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When the railroad running through the Bowling Green Prairie was first constructed, it was named the Toledo, Cincinnati and St. Louis Railroad. It was a part of the narrow-gauge trunk line connecting Lake Erie with the Rio Grande River. The TC & STL was the combination of several branch lines from Toledo, Ohio to Laredo, Texas and was referred to as "The Little Giant". It was probably the longest narrow-gauge road in the country.

The road was built in sections. On September 22, 1882, gandy dancers spiked down the track reaching Mitchell's Creek from the east. By the end of September 1882, the tracks reached Beck's Creek. The Beck's Creek trestle was completed October 1882, and the tracks were connected with the section being completed east from Ramsey.

Tony Herrick donated land for the right-of-way and built a depot for the TC & STL Railroad. In 1883 the town of New London moved to the vicinity of the depot and became the town of Herrick.

June 12, 1886, three companies, including TC & STL, merged forming the Toledo, St. Louis and Kansas City Railroad. They adopted a white clover as their emblem, hence the name Clover Leaf Road. Several Herrick residents can remember their grandparents tell of the time the road was changed from narrow-gauge to standard-gauge track. The story goes, all available men along the line were hired, and one rail was moved over from one end of a division to the other in one day. On May 31, 1889, the Clover Leaf operated its last narrow-gauge train.

The New York, Chicago & St. Louis Railroad (Nickel Plate) bought the Clover Leaf in March of 1922. The division going through Herrick was known as the Clover Leaf Division of the Nickel Plate Road.

Searching through old railroad and American Express ledgers found in Herrick depot, it was determined the agent in Herrick in September 1883, was C. Ross. Others were Lee Askins in 1885, G. W. Hugger in 1886, and W. F. Kessinger in 1888. Later agents were Sam Heady and Homer Stafford. John W. Jones was the last agent at Herrick. Wm. S. "Bill Wildy" Frailey was one of the early section bosses.

In the early days people were very dependent on the railroad, as the drift roads were not always passable in bad weather. Salesmen traveled from town to town, and several businesses shipped their products by rail. A large amount of hay was shipped from Herrick, and also flour from the mill. People also depended on the in-bound freight for supplies. Later the grain elevator was a large shipper, as were several dog kennels.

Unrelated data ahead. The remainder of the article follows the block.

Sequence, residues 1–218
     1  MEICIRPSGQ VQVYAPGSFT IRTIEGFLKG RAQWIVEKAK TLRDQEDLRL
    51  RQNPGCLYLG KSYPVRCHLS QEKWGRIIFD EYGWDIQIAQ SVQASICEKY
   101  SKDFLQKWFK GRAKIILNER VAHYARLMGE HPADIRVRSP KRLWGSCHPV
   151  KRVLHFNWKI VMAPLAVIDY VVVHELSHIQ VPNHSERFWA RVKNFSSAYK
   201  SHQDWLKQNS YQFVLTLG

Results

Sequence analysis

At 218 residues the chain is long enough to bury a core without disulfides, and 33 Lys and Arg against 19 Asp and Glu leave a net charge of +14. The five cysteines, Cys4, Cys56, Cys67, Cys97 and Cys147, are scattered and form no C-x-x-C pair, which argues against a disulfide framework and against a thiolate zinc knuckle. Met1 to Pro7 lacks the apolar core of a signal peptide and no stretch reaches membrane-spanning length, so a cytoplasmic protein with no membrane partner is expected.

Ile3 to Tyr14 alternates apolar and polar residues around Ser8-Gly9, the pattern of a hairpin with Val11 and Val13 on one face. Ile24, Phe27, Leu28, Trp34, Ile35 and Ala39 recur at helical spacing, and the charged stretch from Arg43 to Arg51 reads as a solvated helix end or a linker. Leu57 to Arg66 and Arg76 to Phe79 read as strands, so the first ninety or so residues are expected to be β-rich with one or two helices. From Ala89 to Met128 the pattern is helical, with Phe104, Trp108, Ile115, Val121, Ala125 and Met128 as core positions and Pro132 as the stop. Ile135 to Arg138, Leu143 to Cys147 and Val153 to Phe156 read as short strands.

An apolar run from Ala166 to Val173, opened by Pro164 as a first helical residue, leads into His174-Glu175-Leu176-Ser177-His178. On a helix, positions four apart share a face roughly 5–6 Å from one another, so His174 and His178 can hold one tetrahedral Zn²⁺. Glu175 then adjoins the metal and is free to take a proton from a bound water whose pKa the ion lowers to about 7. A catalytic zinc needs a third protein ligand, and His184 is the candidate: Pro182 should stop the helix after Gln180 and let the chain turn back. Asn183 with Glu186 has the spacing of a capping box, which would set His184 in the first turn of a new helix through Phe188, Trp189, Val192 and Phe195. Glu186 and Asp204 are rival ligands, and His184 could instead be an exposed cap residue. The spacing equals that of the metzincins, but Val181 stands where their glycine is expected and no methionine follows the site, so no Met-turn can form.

There were six passenger trains that went through Herrick daily. "The Commercial Traveler", a fast passenger, the "Noon Train" and "The Plug". Each went west in the morning and east in the evening. The "Commercial" was the result of a decision to upgrade existing night trains in anticipation of the Pan-American Exposition at Buffalo, New York in 1901. It was well patronized and became famous. It ran between Toledo and St. Louis for half a century. The "Noon Train" was discontinued. The "Plug" was a slower train and sometimes served as local. It was made up of the engine, perhaps a box car or two, the express car and a passenger car. One end of the express car was partitioned for the mail. Dogs were shipped by express, for they had to be fed, watered, and kept warm.

The railroad was an important factor in the lives of the people of Herrick for many years. Many men and women worked as agents, telegraph operators, section hands, bridge and fence gang hands, track foremen, road masters, cooks, engineers, etc.

At one time the railroad was instrumental in saving a major portion of the town. The block building north of the tracks caught fire in the night, and the fire spread through several buildings. All efforts to control the fire were coming to naught, for the wells were pumped dry. A westbound freight was due. Telegrapher Jones suggested they stop the freight and use the water from its tender. Agent Stafford concurred and Jones flagged the train. Water was pumped from the train and the fire was extinguished.

In the 1960's the Nickel Plate merged with the Wabash and the Norfolk and Western. The Herrick depot was operated on a part-time basis for a while. In 1973 the depot was closed and torn down. The whistle of an occasional freight keeps memories alive.

Train Workers
Workers on the Toledo, St. Louis and Western Railroad were L. to R., Nolan Logue, Sam Nowlin, and Bill W. Frailey.

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